Yup, it's old-school. It's low-tech. It's a toy almost everyone had (and kind of hated for its inability to transform into a robot or shoot lasers). But the Rubik's Cube persists as the epitome of the unsophisticated, maddening puzzle that doubles as an innocent toy for children.
The Rubik's Cube was invented by a Hungarian by the name of -- you guessed it -- Rubik. Although Mr. Rubik originally titled the toy, the "Magic Cube," when it began exporting out of Hungary it was renamed for the inventor. (Thus, don't forget that apostrophe in the name!) The cube itself is a three-dimensional square; each of the six sides has a 3 by 3 grid, with each square one of six colors. You can pivot the rows and columns, and the goal is to get each face of the Rubik's Cube to consist of all same-colored squares.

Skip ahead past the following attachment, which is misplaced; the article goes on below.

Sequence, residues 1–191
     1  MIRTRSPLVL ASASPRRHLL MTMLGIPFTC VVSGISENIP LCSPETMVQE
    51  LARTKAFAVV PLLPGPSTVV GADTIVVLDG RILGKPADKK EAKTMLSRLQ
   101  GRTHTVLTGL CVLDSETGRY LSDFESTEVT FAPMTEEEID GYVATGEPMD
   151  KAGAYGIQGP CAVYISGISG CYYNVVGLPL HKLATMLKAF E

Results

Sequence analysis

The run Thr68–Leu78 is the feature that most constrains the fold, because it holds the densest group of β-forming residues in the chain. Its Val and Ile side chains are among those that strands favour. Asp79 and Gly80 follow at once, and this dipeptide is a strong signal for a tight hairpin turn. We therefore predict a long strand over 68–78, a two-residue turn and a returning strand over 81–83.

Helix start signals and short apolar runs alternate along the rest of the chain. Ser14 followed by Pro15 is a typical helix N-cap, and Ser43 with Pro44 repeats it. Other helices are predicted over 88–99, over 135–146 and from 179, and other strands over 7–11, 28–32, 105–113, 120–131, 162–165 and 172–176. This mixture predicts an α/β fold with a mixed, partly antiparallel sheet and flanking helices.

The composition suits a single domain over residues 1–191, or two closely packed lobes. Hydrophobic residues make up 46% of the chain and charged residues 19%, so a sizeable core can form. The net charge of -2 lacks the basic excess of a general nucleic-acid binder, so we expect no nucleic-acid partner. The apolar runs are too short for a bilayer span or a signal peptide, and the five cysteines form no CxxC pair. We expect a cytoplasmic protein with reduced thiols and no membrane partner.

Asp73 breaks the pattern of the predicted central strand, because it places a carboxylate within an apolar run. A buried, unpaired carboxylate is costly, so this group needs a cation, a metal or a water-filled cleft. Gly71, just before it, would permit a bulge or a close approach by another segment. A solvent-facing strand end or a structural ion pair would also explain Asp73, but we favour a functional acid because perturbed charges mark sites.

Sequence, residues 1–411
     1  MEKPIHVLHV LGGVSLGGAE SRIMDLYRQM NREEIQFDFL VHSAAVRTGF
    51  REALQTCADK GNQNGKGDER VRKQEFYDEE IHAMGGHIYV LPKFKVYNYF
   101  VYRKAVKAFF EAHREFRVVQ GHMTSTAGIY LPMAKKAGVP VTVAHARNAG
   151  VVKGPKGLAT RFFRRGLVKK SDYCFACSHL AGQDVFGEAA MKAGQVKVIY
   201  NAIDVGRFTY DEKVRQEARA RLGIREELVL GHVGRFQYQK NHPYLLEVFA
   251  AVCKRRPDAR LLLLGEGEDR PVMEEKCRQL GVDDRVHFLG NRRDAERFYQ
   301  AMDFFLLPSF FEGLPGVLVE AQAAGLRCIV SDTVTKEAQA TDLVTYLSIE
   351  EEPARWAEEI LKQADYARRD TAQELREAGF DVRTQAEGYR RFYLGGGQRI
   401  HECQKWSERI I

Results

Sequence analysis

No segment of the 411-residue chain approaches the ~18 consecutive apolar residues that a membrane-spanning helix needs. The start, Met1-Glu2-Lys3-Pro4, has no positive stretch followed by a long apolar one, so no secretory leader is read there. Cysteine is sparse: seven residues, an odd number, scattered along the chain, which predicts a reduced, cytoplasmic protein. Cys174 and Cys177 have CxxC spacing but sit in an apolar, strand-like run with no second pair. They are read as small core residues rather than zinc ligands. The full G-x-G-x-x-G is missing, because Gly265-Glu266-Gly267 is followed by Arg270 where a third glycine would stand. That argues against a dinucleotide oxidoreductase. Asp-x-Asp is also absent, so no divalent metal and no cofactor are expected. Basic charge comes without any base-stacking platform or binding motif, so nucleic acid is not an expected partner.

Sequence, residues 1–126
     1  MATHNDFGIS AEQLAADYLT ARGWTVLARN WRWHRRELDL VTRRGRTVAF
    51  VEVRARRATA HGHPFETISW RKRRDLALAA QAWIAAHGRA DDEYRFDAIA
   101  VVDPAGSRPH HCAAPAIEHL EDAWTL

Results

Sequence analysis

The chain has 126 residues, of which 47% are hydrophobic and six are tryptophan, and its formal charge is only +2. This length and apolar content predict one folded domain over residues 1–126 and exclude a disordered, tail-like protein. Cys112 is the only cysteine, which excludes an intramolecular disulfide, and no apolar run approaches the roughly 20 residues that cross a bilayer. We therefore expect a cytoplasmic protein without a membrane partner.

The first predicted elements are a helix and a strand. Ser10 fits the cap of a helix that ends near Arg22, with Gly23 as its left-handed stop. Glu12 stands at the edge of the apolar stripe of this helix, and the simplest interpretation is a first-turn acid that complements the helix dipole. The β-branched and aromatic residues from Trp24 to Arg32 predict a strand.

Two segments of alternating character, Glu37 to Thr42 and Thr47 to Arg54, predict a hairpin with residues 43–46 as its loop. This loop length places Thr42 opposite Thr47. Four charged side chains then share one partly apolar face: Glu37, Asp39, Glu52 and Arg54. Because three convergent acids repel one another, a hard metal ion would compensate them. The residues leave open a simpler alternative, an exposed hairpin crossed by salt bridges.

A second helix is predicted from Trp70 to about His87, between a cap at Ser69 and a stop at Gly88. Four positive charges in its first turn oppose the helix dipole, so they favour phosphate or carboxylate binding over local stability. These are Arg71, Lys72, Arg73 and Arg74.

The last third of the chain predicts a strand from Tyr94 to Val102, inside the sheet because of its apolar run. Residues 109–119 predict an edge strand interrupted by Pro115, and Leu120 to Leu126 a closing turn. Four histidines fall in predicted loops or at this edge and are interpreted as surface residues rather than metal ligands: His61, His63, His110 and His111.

And while there are loads of ways to solve a Rubik's Cube, that doesn't mean most of us can do it without some serious curses and gnashing of teeth. Lucky for us, after hours are spent hopelessly turning and swearing, you can easily go online and find out ways to make the puzzle bend to your will. (Don't be discouraged that children who haven't yet graduated elementary school write many of the solutions.) You can also practice your Rubik's Cube skills by playing online games of the toy, but be warned: you don't get that satisfying feeling of throwing the cube against the wall after hours of fruitless twisting.